Queen II (1974)


 
1. Procession 2. Father to Son 3. White Queen (As It Began) 4. Some Day One Day 5. The Loser in the End 6. Ogre Battle 7. The Fiary Feller's Master Stroke 8. Nevermore 9. The March of the Black Queen 10.Funny How Love Is 11.Seven Seas of Rhye

 

Queen's second album is exactly what every second album should be. It has many many similarities as the band's first record, yet manages to make many improvements at the very same time. The sound here is a bit leaner, a bit more direct, and it really does sound like the guys were simply channeling their energy better. When a band can always keep the exact same members throughout its history, this is always a bit easier to do. It also seemed to help that even though these guys were diverse, they always seemed to be on the same page musically. So whatever styles they pursued (and they would pursue many) it never seemed forced or uncomfortable. Mostly what we have here, though, is a style very similar to their freshmen release.

They're still singing about fairies, queens (white and black) and ogres, so they haven't left the fantasy trademark behind. They still seem a bit more "glam" and not quite "rock", but the rock side definitely shows its face. Brian May has already established his killer wailing guitar sound, while Freddie Mercury proved to have one of the strongest, melodic voices of the rock and roll genre for his time. He's perfectly comfortable belting out rockers as he is the slowed down ballads - and they are both featured here a-plenty. Then there are the harmonies. Yes, these guys had that department licked as well way back then, and it's nice to hear that this distinction never left the band.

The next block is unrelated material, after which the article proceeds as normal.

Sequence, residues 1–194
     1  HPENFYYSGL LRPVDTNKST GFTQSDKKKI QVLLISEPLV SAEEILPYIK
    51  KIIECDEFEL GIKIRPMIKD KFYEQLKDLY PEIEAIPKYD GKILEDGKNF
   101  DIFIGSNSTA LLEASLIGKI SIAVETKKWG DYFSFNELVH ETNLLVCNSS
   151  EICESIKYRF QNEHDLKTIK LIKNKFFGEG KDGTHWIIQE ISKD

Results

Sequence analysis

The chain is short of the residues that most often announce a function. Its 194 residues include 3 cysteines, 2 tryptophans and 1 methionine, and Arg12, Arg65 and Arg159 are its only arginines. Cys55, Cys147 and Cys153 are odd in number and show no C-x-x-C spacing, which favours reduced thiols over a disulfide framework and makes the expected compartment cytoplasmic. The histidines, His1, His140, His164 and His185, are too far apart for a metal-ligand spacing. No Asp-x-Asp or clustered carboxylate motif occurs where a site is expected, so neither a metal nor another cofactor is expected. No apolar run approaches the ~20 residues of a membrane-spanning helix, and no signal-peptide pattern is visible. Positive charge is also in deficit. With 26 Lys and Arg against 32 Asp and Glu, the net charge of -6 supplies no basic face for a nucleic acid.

Something that may appear as a bit of a drawback here, is that this album really doesn't have any stand out songs. A quick glance at the tracks won't help many people who aren't hardcore fans. This really isn't much of a deterrent, though, since the whole album seems to flow as a whole. As a matter of fact, side 2 of the album almost plays like a complete piece, and you have to wonder if they were really trying to record something like Bohemian Rhapsody (from A Night at the Opera) here, but maybe chickened out since the idea was so strange, and they may just not have quite had the confidence. You can definitely hear similarities, though, and it's hard to imagine any fan of this band not liking this album, even if it doesn't have that trademark killer single somewhere.

Roger Taylor gets a turn at the mike, this time on The Loser in the End which seems a bit out place, but still is satisfying. His drum work on the track is impeccable as well. The only song that sort of slows down the pace is Brian May's Some Day One Day which is a bit tiresome. Yes, the closing track Seven Seas of Rhye is the same title of the last track on Queen, and it is essentially the same song. This one adds lyrics and is a bit longer. A bit weird. It's as if they wanted to "fix" the version from the first album.

Although many critics always hated this band, smart music fans could probably tell that these guys were winners, and it would only be a matter of time before they broke out big.

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